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Shi Poetry, flowers and Hummingbirds: an example of writing poems in Chinese poetic style

Updated on January 16, 2014

What is Shi Poetry?

The earliest Chinese poetry is found in the Shijing or Book of Poetry, and contains poems written as early as 1027 B.C.E. These poems fall into four categories: airs standardized from the folk songs of the common people, songs or hymns of nobility; odes of praise for rulers; and odes written for religious ceremony.

Songs often include a four word line, a four line stanza, rhymes on even lines and the use of metaphor, simile, synecdoche, puns, onomatopoeia, rhyming and reduplicative compounds, alliteration and puns as well as parallelism.- see Bob's Glossary to define any unfamiliar terms.

Example from Book of Poetry

One such song is The Peach Tree Tender:

The peach tree budding and tender.
Vivid and bright its flowers.
This girl is going to be married,
And fit for her chamber and house.

The peach tree budding and tender,
Quite large its fruit.
This girl is going to be married,
And fit for her house and chamber.

The peach tree budding and tender,
Its leaves luxuriant and lush.
This girl is going to be married,
And fits with all in the family.

This poem has a tetrameter rhythm and rhyme scheme (abab/acac/ adad- although this is not apparent in the English translation, it exists in Chinese) that is balanced and suits the nature of the match- the bride will fit well with his family.

The bride is compared to the peach, which is a traditional fertility symbol, and the flowers reference the beauty of her face.

Later poems in this collection do not have such a strict rhythm and rhyme but do have three elements in common; they all have exposition or a rhyme-prose style that reflects what is happening in the poem, such as the balance illustrated above; comparison as in comparing the young girl to a peach or a flower; and affective image which invokes the reader's participation, for "without emotionally arousing the reader first, and thus setting the response process in motion, a poem is nothing but a series of sounds or, in its written form, a mass of physical remarks."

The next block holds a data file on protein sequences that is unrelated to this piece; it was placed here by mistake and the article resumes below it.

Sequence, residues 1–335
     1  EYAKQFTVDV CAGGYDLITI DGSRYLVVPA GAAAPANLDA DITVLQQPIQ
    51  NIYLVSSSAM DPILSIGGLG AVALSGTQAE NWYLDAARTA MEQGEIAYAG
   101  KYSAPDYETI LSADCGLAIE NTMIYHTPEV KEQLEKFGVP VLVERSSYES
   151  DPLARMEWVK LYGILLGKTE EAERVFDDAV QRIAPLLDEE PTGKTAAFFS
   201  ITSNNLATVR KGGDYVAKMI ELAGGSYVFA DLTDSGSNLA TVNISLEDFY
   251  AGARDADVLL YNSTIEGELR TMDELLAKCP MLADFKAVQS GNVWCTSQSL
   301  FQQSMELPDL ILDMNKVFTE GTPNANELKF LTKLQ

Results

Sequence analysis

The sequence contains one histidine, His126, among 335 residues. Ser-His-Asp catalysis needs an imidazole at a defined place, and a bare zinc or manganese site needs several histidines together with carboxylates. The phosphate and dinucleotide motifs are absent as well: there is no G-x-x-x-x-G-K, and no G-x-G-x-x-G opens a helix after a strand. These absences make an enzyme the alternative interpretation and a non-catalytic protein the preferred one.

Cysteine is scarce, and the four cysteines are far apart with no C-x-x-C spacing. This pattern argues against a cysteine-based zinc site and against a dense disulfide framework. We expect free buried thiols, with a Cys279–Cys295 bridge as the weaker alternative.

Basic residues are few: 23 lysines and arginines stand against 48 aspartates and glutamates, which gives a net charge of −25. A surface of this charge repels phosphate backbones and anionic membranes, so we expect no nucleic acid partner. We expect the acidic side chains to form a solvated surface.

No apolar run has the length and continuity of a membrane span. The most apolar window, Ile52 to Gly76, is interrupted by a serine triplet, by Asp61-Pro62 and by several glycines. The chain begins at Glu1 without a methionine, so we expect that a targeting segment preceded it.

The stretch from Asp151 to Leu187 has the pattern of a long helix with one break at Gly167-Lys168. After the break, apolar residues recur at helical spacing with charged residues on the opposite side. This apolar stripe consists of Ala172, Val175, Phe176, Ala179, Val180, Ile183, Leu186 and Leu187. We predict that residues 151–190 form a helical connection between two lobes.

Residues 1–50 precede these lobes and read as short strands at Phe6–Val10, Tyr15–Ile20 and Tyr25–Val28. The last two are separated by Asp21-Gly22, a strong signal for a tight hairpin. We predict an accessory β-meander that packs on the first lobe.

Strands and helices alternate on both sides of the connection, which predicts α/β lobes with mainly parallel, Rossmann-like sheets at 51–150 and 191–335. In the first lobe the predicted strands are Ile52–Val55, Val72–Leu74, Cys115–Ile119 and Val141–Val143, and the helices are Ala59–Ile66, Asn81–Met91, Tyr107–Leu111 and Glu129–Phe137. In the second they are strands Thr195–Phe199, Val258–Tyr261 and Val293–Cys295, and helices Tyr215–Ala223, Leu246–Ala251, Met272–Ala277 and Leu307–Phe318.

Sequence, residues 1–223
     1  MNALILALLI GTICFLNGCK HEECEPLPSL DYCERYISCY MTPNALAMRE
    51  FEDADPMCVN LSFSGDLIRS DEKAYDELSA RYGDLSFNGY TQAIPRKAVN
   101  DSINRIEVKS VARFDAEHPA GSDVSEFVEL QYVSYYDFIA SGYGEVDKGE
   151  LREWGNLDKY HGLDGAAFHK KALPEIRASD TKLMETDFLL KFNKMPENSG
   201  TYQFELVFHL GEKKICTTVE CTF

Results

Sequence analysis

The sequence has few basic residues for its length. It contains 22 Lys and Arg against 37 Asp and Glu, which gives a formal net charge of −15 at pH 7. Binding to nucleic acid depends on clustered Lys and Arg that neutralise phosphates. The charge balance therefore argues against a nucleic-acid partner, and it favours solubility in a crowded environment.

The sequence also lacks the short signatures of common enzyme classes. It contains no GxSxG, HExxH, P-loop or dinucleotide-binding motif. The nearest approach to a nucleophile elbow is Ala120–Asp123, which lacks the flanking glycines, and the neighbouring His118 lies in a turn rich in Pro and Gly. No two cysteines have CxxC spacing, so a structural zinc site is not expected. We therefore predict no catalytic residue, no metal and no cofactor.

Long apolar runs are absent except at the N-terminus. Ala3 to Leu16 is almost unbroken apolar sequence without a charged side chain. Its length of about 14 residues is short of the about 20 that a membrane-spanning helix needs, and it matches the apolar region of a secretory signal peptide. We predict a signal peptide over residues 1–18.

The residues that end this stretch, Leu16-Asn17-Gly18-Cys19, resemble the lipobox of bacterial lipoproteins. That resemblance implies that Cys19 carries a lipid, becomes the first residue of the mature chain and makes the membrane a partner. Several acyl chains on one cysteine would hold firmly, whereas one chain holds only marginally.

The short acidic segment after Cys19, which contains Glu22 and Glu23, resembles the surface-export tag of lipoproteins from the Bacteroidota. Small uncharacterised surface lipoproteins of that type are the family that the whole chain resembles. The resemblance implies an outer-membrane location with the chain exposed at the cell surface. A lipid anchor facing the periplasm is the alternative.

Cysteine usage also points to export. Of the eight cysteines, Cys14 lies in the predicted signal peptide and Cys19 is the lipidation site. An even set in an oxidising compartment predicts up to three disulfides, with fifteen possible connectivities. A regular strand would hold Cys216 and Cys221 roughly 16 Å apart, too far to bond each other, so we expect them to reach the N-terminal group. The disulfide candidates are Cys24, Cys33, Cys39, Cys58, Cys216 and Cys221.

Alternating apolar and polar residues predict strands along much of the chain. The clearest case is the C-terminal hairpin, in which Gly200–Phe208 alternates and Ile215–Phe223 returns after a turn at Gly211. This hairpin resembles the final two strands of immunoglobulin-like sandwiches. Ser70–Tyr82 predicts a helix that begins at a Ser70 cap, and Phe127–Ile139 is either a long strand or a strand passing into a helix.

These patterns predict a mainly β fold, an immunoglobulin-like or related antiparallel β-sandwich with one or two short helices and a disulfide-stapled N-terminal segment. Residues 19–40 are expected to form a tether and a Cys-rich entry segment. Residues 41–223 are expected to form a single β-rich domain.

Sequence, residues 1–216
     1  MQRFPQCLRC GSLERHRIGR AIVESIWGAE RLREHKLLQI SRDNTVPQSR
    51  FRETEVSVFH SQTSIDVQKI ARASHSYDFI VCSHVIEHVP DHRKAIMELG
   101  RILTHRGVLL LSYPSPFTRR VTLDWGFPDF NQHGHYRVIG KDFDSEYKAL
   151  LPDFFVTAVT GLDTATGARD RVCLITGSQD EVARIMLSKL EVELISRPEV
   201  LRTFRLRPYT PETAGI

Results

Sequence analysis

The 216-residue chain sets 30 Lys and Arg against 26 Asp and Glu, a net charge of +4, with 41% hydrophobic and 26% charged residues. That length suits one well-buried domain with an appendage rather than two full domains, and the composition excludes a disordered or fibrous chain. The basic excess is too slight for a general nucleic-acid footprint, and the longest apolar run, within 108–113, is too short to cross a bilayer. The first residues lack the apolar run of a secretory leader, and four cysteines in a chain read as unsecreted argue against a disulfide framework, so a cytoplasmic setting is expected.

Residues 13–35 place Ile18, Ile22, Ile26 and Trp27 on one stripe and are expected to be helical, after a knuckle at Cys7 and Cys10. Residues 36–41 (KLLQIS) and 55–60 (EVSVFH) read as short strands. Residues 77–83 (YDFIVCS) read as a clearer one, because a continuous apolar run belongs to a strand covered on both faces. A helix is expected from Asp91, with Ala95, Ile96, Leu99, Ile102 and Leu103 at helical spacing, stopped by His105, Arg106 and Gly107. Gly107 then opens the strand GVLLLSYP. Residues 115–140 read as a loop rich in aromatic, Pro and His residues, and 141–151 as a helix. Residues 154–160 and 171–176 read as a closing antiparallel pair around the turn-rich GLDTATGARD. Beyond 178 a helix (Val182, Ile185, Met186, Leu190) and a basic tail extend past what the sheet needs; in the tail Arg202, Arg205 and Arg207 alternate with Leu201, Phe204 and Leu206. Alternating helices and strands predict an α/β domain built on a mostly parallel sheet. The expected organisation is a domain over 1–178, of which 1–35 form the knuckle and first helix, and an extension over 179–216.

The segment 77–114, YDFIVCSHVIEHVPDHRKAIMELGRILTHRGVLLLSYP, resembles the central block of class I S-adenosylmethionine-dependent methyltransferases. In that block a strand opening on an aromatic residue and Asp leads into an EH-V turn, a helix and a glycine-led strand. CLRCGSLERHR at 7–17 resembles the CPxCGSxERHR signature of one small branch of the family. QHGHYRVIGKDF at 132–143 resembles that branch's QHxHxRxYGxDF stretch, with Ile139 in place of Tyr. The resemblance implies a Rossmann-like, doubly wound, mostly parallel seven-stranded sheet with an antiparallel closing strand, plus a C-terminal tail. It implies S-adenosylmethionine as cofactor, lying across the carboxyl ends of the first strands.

My attempt at exposition, comparison and affective imaging- my rhyme scheme is abcd/ebfd/gbhd/ibjd if this is a rhyme scheme, lol. I attempted to keep the images consistent while telling a metaphorical story in the same vein as what I have learned thus far about Shi poetry...

The hummingbird zips through a sliding door,
Radiating energy and internal joy.
Wall without windows. Flower without scent.
Light beams warm and bright.

The hummingbird hits a panel of glass,
Suffocating energy and confusing joy.
Window without wind. Nectar beyond reach.
Sun sets orange as night.

The hummingbird falls in a shopping bag,
Surrendering energy, relinquishing joy.
Wafting without lift. Deflowered of life.
Darkness saps her might.

The hummingbird rallies by the sliding door,
Summoning fresh energy, reinforcing joy.
Rising with the wind as pistils lapping light
Winged one takes flight.

© 2009 Barbara


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    • Nellieanna profile image

      Nellieanna Hay 7 years ago from TEXAS

      What an interesting mind you have.

    • sherrylou57 profile image

      sherrylou57 7 years ago from Riverside